From Seedling to Harvest: A Transformative Model of Community Empowerment

Currently, we are still in production of the short film, with the working title, From Seedling to Harvest: A Transformative Model of Community Empowerment.  We have worked diligently to record the growth of a radish plant, of which I will time-lapse into the storyline for its symbolism and for a nice visual effect.  This aspect was inspired by the incredible documentary, Seeds: The Untold Story, directed by Taggart Siegel and Jon Betz.  The process of interviewing and dissecting interviews to choose audio clips from that fit the storyline has been difficult and tedious, but fun nonetheless.  I am mostly using interviews from the last undergraduate research project I completed on urban gardening in the Bronx.  My interviews for that project were very engaging and raw, making this prime material for the short film.  I am very conscientious about getting consent from all people involved in the making of the film and I am overwhelmed by the excitement and willingness from friends in the food movement to get involved.

Dedicating the amount of energy and time to a big creative project like this atop life responsibilities is definitely a challenge.  Having to budget a creative project is also difficult, but I was able to purchase lenses for my phone camera instead of a professional camera which was definitely cost-effective.  I feel successful in pursuing a film project because I have no previous experience with it, and it is coming along beautifully.  I definitely plan to pursue funding further for it to develop it to my true vision.  I feel that what I am creating could really have in impact in drawing people into the food justice movements of New York City, specifically the South Bronx.  From this project, I am learning that taking risks in your research and stepping outside of the box is exhilarating.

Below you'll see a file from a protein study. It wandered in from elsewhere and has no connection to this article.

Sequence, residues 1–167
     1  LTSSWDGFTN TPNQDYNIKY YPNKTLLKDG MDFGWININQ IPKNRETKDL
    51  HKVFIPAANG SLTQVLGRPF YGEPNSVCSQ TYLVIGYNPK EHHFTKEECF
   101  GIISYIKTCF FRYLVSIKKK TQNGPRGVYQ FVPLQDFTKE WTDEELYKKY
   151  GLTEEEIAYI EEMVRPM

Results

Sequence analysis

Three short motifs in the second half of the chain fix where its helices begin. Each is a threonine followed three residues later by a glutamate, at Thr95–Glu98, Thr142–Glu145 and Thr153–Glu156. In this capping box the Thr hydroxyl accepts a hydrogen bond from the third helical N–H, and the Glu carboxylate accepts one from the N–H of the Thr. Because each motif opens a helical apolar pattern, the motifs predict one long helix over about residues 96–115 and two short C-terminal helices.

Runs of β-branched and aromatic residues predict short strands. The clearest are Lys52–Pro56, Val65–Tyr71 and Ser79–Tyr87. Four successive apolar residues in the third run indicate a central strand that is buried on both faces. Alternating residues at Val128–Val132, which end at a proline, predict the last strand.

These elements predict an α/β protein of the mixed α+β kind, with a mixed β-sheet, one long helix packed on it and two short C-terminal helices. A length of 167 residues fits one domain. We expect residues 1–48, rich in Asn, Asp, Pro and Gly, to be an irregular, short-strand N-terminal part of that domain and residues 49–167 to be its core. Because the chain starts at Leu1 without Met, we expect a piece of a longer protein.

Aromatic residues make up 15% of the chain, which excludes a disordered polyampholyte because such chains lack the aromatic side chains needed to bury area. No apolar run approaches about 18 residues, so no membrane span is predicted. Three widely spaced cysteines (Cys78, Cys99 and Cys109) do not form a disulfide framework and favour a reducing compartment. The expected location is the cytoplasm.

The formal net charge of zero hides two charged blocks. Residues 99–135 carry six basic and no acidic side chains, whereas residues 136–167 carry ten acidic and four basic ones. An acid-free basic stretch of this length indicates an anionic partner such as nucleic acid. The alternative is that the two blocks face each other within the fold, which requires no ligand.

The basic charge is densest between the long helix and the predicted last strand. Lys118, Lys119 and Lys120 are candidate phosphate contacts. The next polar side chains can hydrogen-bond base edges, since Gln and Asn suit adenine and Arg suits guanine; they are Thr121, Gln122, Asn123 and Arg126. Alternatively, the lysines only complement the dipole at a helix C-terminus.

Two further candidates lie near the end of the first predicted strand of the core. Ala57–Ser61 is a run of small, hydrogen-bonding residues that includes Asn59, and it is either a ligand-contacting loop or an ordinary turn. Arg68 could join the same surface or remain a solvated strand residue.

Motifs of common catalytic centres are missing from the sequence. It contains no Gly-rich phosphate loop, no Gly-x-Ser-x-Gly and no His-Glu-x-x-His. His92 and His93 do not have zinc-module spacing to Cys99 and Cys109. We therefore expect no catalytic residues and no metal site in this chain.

From Seedling to Harvest: A Transformative Model of Community Empowerment

The working title of this project is From Seedling to Harvest: A Transformative Model of Community Empowerment.  The purpose of this project is to document the extent to which community farms (specifically in the Bronx) have saved and exchanged seeds during dire times.  This project will take a creative approach toward exploring the formation and development of seed banking in disenfranchised communities from 1970s NYC-present day.  The changing landscape of New York City has both threatened its biodiversity while simultaneously and unintentionally thrusting underserved residents into food sovereignty movements. Practices such as seed-saving and protecting pollinators were—and continue to be— key acts of resistance.  The food sovereignty movement holds an array of intersecting stories and important narratives of those that have invested true sweat equity to the cause.  I feel that the language of the food movement is often times co-opted and compartmentalized in a way that is unproductive, and visual art can be a medium for a just way of expression and repossession of community agency.

In terms of methods, I have created a production schedule, where we will be using case-study research in the Bronx to create a storyline that is organic.  We have recruited friends and colleagues to be an audience to our process, offering feedback.  The storyboard is set and film shooting has begun.  I will be learning the basics of editing and formatting for this project. I have no previous experience with film production as a medium for my research findings, and this challenge is exciting.